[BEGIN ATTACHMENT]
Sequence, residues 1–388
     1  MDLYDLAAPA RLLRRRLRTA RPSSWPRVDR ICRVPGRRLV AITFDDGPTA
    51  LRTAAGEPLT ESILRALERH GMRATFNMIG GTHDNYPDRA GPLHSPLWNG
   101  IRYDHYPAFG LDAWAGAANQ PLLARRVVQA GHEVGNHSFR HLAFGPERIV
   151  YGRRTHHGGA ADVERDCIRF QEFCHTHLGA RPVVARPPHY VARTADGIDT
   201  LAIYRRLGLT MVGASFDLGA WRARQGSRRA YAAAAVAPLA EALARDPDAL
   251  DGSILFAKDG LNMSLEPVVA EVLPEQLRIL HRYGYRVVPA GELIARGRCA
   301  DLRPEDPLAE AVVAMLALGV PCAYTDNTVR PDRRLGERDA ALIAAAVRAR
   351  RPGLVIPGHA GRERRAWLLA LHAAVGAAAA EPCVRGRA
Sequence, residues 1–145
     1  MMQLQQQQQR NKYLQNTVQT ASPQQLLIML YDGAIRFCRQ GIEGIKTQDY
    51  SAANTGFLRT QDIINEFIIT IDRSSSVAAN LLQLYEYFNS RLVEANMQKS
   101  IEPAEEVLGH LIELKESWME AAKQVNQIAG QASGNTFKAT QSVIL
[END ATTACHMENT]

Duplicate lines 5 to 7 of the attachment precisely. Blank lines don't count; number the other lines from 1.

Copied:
   151  YGRRTHHGGA ADVERDCIRF QEFCHTHLGA RPVVARPPHY VARTADGIDT
   201  LAIYRRLGLT MVGASFDLGA WRARQGSRRA YAAAAVAPLA EALARDPDAL
   251  DGSILFAKDG LNMSLEPVVA EVLPEQLRIL HRYGYRVVPA GELIARGRCA